May 9, 1996 Vol . 6, No. 1

All the news you didn't hear:

Project Censored's top 10 list

A list of the news stories you were least likely to hear about in 1995 is topped by a story on how a proposed U.S. environmental law could harm Canada's air and water.

That's according to Project Censored Canada, which produces an annual list of the top 10 under-reported news stories. The project, in its third year, involves communication faculty and students from Simon Fraser University and the University of Windsor, as well as members of the Canadian Association of Journalists.

The top story, which originated in The Windsor Star, is about a U.S. bill passed last May which lifts protection for wetlands and allows states to opt out of environmental water regulations deemed too expensive or unenforceable.

Other stories selected by a national panel of judges, including journalists, authors and academics, deal with a range of health, defence, financial and human rights issues. Among them are stories on: Criteria for consideration includes whether the story significantly affects a large number of people, how much coverage it received, how well it was documented, and whether identifying the story through the project would encourage further media and public attention.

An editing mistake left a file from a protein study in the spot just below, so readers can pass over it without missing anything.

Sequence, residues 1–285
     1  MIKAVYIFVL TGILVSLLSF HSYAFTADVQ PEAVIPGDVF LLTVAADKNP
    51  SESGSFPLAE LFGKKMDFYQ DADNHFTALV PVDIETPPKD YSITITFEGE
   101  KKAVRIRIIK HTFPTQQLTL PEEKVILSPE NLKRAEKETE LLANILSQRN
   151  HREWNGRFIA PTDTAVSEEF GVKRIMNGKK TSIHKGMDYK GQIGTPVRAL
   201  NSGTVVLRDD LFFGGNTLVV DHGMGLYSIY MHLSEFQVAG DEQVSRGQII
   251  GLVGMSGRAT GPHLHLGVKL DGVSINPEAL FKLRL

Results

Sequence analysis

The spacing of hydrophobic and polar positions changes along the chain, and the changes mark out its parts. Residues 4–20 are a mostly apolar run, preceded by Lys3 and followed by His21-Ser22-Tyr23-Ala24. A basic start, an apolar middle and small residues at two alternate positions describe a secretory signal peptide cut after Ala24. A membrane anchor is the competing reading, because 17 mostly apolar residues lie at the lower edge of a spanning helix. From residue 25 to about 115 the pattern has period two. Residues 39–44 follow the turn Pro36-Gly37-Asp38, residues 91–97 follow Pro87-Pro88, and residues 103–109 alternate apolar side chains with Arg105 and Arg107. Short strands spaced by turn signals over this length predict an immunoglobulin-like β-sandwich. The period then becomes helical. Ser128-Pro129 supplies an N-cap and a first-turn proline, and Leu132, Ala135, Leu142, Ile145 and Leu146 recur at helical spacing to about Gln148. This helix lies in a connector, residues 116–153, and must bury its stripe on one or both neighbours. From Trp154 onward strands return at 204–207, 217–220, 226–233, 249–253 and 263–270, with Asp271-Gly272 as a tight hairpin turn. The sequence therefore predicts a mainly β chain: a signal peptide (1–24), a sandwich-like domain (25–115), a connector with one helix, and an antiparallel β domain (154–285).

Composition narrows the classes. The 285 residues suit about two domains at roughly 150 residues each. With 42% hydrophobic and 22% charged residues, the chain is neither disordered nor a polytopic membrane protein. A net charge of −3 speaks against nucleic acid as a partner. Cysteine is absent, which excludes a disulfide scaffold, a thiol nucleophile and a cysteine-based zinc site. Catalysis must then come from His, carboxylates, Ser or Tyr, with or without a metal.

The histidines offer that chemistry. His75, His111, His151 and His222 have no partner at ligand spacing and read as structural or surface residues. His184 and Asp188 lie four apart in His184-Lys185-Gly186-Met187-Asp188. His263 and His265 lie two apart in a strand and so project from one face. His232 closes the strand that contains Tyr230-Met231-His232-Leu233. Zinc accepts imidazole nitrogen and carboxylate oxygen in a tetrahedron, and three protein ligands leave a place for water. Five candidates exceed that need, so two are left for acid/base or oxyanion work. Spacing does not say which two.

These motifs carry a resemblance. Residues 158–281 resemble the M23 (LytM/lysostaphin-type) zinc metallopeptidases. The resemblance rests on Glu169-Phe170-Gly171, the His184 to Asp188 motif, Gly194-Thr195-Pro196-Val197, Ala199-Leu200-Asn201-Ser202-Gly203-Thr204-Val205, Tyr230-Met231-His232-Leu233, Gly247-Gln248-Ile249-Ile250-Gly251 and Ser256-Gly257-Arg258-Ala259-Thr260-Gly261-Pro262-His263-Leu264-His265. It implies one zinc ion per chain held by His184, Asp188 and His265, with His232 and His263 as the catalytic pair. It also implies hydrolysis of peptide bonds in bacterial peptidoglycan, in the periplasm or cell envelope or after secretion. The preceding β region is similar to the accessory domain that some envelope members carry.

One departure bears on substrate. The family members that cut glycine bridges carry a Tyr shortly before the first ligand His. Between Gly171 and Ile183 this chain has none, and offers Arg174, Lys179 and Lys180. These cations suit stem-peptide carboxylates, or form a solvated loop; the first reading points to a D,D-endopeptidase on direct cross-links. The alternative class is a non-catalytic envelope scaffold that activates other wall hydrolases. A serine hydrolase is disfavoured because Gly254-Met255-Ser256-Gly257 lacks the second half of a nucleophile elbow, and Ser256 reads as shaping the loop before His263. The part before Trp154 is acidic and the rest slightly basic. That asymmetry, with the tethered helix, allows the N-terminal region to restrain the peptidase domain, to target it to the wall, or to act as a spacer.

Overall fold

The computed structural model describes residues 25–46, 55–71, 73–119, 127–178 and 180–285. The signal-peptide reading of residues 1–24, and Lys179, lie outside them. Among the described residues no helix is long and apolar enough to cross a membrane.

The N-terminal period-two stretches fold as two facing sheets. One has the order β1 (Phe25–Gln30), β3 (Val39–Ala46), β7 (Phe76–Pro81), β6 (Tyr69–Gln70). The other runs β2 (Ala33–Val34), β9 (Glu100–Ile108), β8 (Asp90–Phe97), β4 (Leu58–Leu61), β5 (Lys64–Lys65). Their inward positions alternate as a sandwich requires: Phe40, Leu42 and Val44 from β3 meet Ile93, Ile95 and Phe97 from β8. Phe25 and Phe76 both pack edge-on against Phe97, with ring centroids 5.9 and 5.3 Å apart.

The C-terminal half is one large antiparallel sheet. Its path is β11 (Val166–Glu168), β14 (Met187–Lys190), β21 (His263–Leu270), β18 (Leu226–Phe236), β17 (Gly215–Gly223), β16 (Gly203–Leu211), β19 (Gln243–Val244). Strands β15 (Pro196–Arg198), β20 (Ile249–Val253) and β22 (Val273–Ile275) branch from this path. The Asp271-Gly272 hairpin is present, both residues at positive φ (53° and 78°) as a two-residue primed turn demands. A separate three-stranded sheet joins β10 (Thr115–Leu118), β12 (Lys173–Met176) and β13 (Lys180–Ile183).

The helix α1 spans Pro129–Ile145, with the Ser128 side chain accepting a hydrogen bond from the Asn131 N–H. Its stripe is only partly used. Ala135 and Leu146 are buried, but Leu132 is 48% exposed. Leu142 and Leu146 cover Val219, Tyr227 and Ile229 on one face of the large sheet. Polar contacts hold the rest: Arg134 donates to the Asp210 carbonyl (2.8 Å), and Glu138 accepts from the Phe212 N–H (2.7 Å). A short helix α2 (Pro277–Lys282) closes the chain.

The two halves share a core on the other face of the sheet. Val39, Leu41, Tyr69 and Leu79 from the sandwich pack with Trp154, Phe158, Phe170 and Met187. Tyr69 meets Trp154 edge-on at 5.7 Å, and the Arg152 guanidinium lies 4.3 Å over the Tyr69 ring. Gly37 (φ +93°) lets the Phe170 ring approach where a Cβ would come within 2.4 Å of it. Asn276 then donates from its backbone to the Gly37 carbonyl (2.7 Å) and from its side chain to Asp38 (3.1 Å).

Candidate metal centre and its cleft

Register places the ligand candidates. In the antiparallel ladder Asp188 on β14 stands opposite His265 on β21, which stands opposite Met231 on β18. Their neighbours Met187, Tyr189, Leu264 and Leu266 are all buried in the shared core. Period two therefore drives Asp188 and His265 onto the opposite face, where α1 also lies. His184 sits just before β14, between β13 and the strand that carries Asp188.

A short list of 16 stories was produced by a team of SFU students, who researched each of the stories. "We're hoping this list will stimulate journalists and the public to find out more about these stories," says Donald Gutstein, a communication lecturer at SFU and project co-director. Project Censored Canada is modelled after a project in the U.S.


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